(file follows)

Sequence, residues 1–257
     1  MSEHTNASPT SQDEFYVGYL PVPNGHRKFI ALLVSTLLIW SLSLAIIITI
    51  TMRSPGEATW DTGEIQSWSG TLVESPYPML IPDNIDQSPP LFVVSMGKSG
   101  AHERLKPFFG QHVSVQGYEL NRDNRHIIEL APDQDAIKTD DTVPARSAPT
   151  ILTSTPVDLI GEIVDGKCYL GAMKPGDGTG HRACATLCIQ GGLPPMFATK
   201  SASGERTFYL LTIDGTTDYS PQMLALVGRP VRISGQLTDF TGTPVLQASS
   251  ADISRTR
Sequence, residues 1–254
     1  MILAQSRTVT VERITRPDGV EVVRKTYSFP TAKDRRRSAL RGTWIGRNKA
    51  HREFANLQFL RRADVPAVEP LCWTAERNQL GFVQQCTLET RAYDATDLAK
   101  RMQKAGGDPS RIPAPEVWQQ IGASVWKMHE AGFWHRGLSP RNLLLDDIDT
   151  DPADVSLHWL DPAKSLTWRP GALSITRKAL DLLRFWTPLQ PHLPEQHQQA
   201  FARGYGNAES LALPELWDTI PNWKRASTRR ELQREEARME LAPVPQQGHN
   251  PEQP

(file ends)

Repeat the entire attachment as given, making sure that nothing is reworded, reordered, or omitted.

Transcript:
Sequence, residues 1–257
     1  MSEHTNASPT SQDEFYVGYL PVPNGHRKFI ALLVSTLLIW SLSLAIIITI
    51  TMRSPGEATW DTGEIQSWSG TLVESPYPML IPDNIDQSPP LFVVSMGKSG
   101  AHERLKPFFG QHVSVQGYEL NRDNRHIIEL APDQDAIKTD DTVPARSAPT
   151  ILTSTPVDLI GEIVDGKCYL GAMKPGDGTG HRACATLCIQ GGLPPMFATK
   201  SASGERTFYL LTIDGTTDYS PQMLALVGRP VRISGQLTDF TGTPVLQASS
   251  ADISRTR
Sequence, residues 1–254
     1  MILAQSRTVT VERITRPDGV EVVRKTYSFP TAKDRRRSAL RGTWIGRNKA
    51  HREFANLQFL RRADVPAVEP LCWTAERNQL GFVQQCTLET RAYDATDLAK
   101  RMQKAGGDPS RIPAPEVWQQ IGASVWKMHE AGFWHRGLSP RNLLLDDIDT
   151  DPADVSLHWL DPAKSLTWRP GALSITRKAL DLLRFWTPLQ PHLPEQHQQA
   201  FARGYGNAES LALPELWDTI PNWKRASTRR ELQREEARME LAPVPQQGHN
   251  PEQP